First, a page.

Parenting: why is it so hard sometimes?

I had just finished sweeping the floor in preparation for a dinner party when he did it. My 20-month-old son, who had been closely watching me up until this point, dumped his entire bowl of rice all over the floor.

G and booksThen he laughed.

A range of emotions swept through me. Should I laugh? Cry? Scold him? It wasn’t the first time that day that he’d made me feel defeated. In theory, I wanted to do all of them, but in reality I had no energy to do any of them. Instead, all I could think about was, “Why is this so hard?”

But that’s the thing, it’s so hard because it’s so worth it. In the midst of the tantrums, the multiple night wakings, the lego-induced foot injuries (for me, anyway) and the 103rd unrolled toilet paper roll, is a little person greeting each new day with awe and wonder. My son is just trying to figure out what this world is all about, what life is all about, and it’s my and my husband’s job to help him understand it all. It’s our job to hopefully raise our son to someday be a warrior-gentleman, fighting for the good, true and beautiful in this world, while at the same time being kind, caring and respectful.

G and fountain

Yes, it isn’t easy. It can be downright frustrating, even maddening at times. (I don’t know how many times I’ve had to remind myself that my son is NOT trying to make my life more difficult on purpose!) But there’s so much joy that comes with it! The unexpected hug or kiss, the contagious giggle from your child during a game of tickling, and the first time you hear the words “Mama” or “Dada” are all joyful reminders that it’s worth it. I can’t even count all of the times my son has made me appreciate things I overlook each day: an airplane flying overhead, a squirrel outside the window, the thrill of water between the toes.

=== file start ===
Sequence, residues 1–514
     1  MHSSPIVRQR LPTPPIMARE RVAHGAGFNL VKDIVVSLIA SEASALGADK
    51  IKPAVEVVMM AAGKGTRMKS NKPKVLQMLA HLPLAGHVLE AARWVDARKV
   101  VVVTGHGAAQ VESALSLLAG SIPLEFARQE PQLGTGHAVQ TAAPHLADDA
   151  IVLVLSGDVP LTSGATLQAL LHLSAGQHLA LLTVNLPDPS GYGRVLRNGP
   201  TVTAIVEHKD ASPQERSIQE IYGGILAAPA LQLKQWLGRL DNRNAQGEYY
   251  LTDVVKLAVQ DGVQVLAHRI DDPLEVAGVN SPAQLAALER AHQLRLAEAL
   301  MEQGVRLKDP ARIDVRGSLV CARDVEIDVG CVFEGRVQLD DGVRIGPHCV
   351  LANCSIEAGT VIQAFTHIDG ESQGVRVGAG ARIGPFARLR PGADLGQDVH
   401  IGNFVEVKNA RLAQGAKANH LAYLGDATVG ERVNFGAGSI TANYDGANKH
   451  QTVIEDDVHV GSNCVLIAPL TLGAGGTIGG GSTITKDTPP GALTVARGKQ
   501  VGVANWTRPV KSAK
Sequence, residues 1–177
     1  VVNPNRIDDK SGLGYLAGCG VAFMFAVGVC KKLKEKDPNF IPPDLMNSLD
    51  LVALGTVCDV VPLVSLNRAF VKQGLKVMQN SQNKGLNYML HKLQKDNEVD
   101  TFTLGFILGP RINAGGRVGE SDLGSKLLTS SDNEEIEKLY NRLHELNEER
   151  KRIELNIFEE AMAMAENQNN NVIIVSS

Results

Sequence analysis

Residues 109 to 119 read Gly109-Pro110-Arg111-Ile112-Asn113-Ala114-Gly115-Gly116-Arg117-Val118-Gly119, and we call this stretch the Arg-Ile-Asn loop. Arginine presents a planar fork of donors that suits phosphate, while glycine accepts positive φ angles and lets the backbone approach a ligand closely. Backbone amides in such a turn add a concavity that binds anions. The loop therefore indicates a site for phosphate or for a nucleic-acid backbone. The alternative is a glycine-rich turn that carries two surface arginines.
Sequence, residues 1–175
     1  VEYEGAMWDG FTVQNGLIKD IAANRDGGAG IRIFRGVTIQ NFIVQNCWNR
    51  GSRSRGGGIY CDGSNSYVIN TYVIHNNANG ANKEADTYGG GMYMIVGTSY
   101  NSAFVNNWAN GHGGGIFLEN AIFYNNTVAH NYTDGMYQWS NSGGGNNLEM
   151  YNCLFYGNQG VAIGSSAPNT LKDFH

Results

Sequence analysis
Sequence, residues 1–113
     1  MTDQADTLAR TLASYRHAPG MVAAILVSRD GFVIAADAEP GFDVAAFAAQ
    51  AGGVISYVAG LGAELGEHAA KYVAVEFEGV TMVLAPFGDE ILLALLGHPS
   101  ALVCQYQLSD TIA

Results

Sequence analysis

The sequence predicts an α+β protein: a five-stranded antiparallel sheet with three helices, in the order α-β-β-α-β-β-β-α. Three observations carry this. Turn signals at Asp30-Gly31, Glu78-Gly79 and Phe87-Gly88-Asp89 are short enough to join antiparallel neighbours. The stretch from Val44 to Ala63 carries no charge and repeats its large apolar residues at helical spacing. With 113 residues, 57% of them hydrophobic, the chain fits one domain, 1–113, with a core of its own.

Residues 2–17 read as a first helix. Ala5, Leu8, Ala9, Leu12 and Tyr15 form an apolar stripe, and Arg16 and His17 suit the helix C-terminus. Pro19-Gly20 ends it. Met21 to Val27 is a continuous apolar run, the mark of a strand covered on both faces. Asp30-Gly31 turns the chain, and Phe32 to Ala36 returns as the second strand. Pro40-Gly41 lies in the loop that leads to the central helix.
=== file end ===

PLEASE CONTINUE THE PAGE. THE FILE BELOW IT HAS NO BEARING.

In the world today, children are often viewed as a burden, as something we should only consider having when we’re done “having fun,” or done “living life.” But I’d argue that having children only creates more fun by bringing more joy into the home, reminding us how to live and why we live. It’s never too early to be reminded of that.

What about you? Any frustrating stories dealing with your own kids? Any joyful moments that made it all worth it?

 

 

Kara
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1 Comment

  • I love these lines: “In the world today, children are often viewed as a burden, as something we should only consider having when we’re done “having fun,” or done “living life.” But I’d argue that having children only creates more fun by bringing more joy into the home, reminding us how to live and why we live.” So true.

    Also, I have a photo of my son pulling all of our books off the shelves, too!

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